Matching is one of the richest gold mines for ideas and results in mathematics, computer science and other areas. Today I want to briefly tell you about a curious, surprising, mysterious, and cheerful recent result by Gal Beniamini and Noam Nisan and a subsequent work of Vijay Vazirani. It is a result that will cheer up combinatorialists on both sides of the aisle: graph theorists and researchers in extremal and probabilistic combinatorics as well as algebraic and enumerative combinatorialists. (And it is related to query complexity, Eulerian lattices, Birkhoff’s polytope, a theorem of Lou Billera and Aravamuthan Sarangarajan, evasiveness, analysis of Boolean functions, and various other things.) At the end of the post I will remind you of a central problem in matching theory: that of extending Lovasz’ randomized algorithm for matching to general graphs. (Perhaps methods from algebraic combinatorics can help.)

I will start with sad news. John Horton Conway, an amazing mathematical hero, passed away a few days ago. There are very nice posts on Conway’s work by Scott Aaronson (with many nice memories in the comments section), by Terry Tao, and by Dick Lipton and Ken Regan. And a moving obituary on xkcd with a touch of ingenuity of Conway’s style. (There is also a question on MO “Conway’s less known results,” and two questions on the game of life (I, II).)

Another reading material to cheer you up is my paper: The argument against quantum computers, the quantum laws of nature, and Google’s supremacy claims. It is for *Laws, Rigidity and Dynamics,* Proceedings of the ICA workshops 2018 & 2019 in Singapore and Birmingham. Remarks are most welcome. (Update (May, 25 2020): An interesting discussion on Hacker news.)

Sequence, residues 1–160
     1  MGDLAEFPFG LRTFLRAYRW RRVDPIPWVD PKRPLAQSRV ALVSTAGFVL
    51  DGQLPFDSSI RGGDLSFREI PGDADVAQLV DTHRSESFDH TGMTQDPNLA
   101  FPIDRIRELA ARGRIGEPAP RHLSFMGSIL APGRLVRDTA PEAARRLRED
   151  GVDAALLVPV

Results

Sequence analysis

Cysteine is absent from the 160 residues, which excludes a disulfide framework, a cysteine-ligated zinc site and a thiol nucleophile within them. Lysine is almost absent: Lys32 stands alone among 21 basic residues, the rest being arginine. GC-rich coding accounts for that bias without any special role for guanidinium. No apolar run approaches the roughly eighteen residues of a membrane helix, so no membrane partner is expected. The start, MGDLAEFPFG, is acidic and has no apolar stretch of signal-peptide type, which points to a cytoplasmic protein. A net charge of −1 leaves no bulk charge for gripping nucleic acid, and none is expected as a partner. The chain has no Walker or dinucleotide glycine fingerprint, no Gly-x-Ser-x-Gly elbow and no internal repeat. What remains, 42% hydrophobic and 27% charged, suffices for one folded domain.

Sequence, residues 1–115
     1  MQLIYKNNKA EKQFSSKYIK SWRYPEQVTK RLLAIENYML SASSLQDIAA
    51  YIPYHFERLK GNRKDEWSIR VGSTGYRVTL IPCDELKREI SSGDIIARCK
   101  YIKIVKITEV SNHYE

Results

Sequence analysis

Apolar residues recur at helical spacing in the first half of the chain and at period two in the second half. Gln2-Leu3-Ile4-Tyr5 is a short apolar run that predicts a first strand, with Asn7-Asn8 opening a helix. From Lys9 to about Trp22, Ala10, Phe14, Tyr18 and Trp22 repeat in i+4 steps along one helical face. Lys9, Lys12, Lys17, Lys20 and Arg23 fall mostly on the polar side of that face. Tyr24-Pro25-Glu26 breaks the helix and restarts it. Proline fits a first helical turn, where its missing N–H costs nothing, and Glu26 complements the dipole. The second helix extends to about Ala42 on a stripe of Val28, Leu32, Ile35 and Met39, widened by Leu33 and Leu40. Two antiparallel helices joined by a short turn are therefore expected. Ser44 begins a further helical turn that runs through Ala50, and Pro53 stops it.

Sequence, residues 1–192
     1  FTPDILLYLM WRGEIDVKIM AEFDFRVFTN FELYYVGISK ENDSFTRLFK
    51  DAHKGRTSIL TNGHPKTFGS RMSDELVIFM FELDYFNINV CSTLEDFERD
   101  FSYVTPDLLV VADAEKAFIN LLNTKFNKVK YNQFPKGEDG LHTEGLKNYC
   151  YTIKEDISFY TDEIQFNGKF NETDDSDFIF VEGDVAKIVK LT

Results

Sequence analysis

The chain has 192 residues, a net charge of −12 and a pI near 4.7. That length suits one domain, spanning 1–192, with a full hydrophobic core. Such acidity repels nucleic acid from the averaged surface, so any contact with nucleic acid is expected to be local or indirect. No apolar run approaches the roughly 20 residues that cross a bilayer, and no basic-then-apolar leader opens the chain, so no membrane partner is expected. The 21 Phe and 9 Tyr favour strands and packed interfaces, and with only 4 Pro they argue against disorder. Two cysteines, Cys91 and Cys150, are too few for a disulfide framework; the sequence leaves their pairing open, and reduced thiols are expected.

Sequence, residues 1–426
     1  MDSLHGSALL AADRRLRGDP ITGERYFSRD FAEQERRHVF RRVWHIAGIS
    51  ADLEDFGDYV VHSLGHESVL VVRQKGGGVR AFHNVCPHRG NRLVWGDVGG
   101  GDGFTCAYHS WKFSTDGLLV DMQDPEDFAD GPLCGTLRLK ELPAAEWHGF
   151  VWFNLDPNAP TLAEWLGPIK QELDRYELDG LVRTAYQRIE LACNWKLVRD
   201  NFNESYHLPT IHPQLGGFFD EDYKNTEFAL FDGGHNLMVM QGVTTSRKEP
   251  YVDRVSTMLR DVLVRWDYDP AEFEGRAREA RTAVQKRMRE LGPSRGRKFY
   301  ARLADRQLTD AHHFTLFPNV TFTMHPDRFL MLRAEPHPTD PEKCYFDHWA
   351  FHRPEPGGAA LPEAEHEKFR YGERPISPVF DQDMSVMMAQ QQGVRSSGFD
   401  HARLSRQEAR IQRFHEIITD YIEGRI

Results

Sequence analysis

**Update:** starting today, the algebraic combinatorics online workshop. Here is the schedule for the first week, and for the second week.

Matching theory by Lovasz and Plummer is probably one of the best mathematics books ever written.

## Bipartite Perfect Matching as a Real Polynomial

Bipartite Perfect Matching as a Real Polynomial, by Gal Beniamini and Noam Nisan

**Abstract:** We obtain a description of the Bipartite Perfect Matching decision problem as a multilinear polynomial over the Reals. We show that it has full degree and monomials with non-zero coefficients. In contrast, we show that in the dual representation (switching the roles of 0 and 1) the number of monomials is only exponential in Our proof relies heavily on the fact that the lattice of graphs which are “matching-covered” is Eulerian.

And here is how the paper starts

Every Boolean function can be represented in a unique way as a Real multilinear polynomial. This representation and related ones (e.g. using the {1,−1} basis rather than {0,1}– the “Fourier transform” over the hypercube, or approximation variants) have many applications for various complexity and algorithmic purposes. See, e.g., [O’D14] for a recent textbook. In this paper we derive the representation of the bipartite-perfect-matching decision problem as a Real polynomial.

**Deﬁnition.** The Boolean function is deﬁned to be 1 if and only if the bipartite graph whose edges are has a perfect matching, and 0 otherwise.

And here are the two main theorems regarding this polynomial and the polynomial for the dual representation:

(For the second theorem you need the notion of totally ordered bipartite graphs.)

And here is a nice picture!

A very interesting open problem is:

**Problem:** Can the Beniamini-Nisan results be extended to general (non-bipartite) graphs

This reminds me of an old great problem:

**Problem:** Does Lovasz’ randomized algorithm for matching extend to the non-bipartite case?

For both problems methods of algebraic combinatorics may be helpful.